Recruitment agreements in the FRG

1955 — 1968


Citizenship Labor & Economy

The strong postwar recovery of the West German economy brings about a labor shortage in the early 1950s, which the government hopes to counteract through the recruitment of foreign workers.

On December 20, 1955, an agreement was signed in Rome on the transfer of workers from Italy to the Federal Republic of Germany. Through this accord, the FRG hoped to compensate for labor shortages in the physically demanding work of road and bridge construction, while Italy sought to reduce high rates of unemployment in its southern half. The agreement granted West German labor administrators the right, in cooperation with the Italian authorities, to recruit workers for German firms, provided that German salary conditions were met and suitable accommodation provided. On the German side, the Federal Agency for Employment and Unemployment Insurance (BAVAV) was responsible for the implementation of this agreement’s provisions.

Further such agreements were later signed with Greece and Spain (1960), Turkey (1961), Morocco and South Korea (1963), Portugal (1964), Tunisia, and Yugoslavia (1968), ensuring a steady flow of foreign labor into West Germany. These foreign laborers were referred to as “guest workers”, which made clear that their stay in Germany was seen as temporary.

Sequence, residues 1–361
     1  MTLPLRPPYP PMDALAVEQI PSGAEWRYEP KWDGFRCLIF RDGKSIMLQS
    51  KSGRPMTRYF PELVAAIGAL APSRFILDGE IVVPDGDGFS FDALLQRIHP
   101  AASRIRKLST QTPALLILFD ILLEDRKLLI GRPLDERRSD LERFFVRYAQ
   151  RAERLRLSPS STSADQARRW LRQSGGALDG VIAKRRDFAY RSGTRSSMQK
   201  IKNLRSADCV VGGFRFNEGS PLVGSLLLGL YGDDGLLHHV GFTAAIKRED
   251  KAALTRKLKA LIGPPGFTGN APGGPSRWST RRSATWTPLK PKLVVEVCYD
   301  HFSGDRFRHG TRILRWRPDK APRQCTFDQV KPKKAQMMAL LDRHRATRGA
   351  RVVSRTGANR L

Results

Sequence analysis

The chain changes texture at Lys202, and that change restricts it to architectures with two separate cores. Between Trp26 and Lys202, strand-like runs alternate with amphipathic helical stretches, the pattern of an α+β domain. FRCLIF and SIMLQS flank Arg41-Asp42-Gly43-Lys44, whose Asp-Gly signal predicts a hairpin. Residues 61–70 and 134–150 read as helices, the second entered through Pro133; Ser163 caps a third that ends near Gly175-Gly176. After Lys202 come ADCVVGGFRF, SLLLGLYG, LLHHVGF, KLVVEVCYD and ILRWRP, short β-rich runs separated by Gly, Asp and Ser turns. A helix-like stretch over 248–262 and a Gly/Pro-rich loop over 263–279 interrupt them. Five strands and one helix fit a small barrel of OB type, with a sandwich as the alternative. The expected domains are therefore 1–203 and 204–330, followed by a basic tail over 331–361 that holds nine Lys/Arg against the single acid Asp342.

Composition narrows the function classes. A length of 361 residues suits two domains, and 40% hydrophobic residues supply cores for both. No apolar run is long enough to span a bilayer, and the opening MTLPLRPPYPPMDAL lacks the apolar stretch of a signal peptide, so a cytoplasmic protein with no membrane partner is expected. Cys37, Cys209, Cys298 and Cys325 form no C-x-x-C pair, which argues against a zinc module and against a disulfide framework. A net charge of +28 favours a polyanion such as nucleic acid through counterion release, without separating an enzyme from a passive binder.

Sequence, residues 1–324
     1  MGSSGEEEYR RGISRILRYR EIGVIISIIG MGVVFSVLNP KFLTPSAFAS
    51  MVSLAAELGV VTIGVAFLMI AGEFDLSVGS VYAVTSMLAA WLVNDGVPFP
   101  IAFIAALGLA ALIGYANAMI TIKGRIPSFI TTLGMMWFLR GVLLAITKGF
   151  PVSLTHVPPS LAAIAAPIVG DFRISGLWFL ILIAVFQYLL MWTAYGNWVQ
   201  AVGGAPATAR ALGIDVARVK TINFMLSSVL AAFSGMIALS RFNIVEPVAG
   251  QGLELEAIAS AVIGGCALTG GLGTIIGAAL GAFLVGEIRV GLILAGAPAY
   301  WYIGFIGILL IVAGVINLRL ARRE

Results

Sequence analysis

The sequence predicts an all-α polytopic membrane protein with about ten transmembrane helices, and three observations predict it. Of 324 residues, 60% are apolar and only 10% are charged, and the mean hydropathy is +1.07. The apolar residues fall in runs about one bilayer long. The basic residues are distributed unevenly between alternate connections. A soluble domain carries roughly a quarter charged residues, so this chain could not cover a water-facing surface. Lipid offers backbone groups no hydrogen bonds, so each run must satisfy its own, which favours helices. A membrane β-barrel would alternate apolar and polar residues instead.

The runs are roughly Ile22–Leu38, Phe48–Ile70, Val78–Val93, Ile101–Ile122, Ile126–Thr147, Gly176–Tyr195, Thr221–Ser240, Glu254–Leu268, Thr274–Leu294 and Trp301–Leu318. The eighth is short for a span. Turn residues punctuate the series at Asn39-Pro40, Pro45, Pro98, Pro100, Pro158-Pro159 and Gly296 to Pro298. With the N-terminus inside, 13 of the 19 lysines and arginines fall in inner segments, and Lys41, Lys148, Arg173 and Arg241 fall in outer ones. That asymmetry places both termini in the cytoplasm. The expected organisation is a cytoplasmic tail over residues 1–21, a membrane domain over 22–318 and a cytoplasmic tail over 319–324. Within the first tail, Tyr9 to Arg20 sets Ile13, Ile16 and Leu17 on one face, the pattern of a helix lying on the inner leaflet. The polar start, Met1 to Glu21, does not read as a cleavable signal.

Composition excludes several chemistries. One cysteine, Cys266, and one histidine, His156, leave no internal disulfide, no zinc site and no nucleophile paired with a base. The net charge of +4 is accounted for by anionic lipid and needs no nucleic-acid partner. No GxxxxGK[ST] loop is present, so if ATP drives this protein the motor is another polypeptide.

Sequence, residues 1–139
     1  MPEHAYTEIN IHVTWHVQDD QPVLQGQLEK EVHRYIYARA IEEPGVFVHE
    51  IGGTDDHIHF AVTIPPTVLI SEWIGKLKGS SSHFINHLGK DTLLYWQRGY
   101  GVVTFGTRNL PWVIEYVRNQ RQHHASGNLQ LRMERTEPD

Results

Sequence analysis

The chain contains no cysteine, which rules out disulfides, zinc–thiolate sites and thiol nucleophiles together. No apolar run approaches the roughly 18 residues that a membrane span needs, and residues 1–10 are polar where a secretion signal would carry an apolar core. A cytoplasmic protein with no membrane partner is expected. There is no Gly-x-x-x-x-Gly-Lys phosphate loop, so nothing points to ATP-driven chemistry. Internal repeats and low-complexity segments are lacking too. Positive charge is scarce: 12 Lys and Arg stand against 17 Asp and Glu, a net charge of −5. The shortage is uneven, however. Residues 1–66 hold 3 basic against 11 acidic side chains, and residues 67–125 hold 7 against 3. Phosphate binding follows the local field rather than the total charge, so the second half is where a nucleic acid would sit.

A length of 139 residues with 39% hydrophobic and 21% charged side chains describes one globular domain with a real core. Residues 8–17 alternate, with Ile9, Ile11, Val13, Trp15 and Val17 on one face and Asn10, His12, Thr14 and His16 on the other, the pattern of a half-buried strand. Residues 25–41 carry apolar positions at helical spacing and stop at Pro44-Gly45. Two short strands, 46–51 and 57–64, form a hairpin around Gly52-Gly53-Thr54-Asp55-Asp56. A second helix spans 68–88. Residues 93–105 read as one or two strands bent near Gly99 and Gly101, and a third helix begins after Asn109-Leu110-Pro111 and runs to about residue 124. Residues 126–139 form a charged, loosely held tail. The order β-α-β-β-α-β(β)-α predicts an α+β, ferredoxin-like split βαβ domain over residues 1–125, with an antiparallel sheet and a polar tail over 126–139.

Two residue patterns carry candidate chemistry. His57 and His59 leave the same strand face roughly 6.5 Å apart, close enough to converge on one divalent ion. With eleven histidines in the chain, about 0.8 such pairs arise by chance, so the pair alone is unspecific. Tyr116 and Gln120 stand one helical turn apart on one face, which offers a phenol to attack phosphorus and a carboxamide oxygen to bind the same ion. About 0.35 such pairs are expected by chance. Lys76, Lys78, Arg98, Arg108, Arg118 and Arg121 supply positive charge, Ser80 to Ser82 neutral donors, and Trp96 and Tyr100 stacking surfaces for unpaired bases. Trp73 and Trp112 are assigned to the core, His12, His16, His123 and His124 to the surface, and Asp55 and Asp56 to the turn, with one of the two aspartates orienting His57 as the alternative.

Up until the “recruitment stop” in 1973 (see also: Recruitment stop in the FRG, 1973), workers were recruited in order that labor needs in mass-production, heavy industry, and in the mining sector during a phase of high economic growth be covered by a supplementary, low-skilled workforce. As their employment contracts were initially temporary, many of these laborers migrated unaccompanied by family members. Only with increasingly longer periods of stay would their families eventually follow (see also: Family reunification and the second generation in the FRG, 1976).

In 1973, 706,000 migrants lived in West Germany. The share of female workers from labor-recruitment countries exceeded 30 percent through to the 1970s. Special regulations applied to women, such as better standards of travel and accommodation. Until the late 1970s, through their assignment to so-called low wage groups, women working in West German industry earned about a third less than their male colleagues. Obviously, the recruitment of female labor was closely tied to the maintenance and expansion of the number of low-wage jobs in the FRG (see also: Strikes by migrant workers in the FRG, 1973).